That’s why America doesn’t get the Volkswagen ID. Buzz Cargo
After years of anticipation and hype, the Volkswagen ID Buzz has finally arrived in production form. Several variants will be available, but initially a short-wheelbase 5-passenger version will be launched alongside the Cargo model pictured above. Both will go on sale in Europe later this year, but those chasing a Buzz in the US will have to wait a bit longer. Why? Because neither version will reach American shores.
The Buzz short-wheelbase passenger was dropped in favor of a long-wheelbase 7/8-seater model for the US market. It won’t go on sale until 2024, though. Meanwhile, a California version, expected to be the closest Buzz production to the 2017 Concept, will arrive in 2025.
VW has no plans to sell the ID Buzz Cargo in the US, either in SWB or LWB form (only an SWB version is confirmed at this time anyway). The reason for this decision is the chicken tax. Simply put, it’s a 25% tariff on light trucks manufactured outside of the United States. As a commercial van, the Cargo falls into this category, while all Buzz models will be produced in Hannover, Germany. Therefore, the Cargo would be very expensive if sold in the US, making it an unviable option for VW.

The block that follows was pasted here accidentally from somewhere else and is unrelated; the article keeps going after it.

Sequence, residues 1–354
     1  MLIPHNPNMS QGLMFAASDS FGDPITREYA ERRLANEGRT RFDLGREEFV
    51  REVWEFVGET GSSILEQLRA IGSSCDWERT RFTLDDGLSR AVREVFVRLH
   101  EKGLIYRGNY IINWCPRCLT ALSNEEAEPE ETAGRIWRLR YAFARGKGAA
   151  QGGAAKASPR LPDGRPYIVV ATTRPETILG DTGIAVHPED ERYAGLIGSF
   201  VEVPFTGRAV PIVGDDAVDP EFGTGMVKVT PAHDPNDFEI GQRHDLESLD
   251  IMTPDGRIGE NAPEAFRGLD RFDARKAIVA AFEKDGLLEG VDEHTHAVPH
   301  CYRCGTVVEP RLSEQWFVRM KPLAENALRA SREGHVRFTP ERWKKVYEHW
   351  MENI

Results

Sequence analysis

The Cargo offers 137.7 cubic feet of space, enough for two Euro-size pallets. The version revealed last week includes a 77 kWh and 204 hp battery. A smaller 58 kWh battery is fitted to the 5-seater ID Buzz Pure. Both batteries are shared with other ID models. Although unconfirmed, multiple reports suggest that the US-bound LWB Buzz will feature a much larger battery, around 100kWh.
Exact range figures for the Buzz have yet to be given, but the 58kWh pack should be good for up to 200 miles per charge, while the Buzz fitted with the 77kWh battery could potentially handle around 250 miles per charge. A larger pack for the LWB Buzz could see that figure pushed over 300 miles, but we’ll have to wait and see.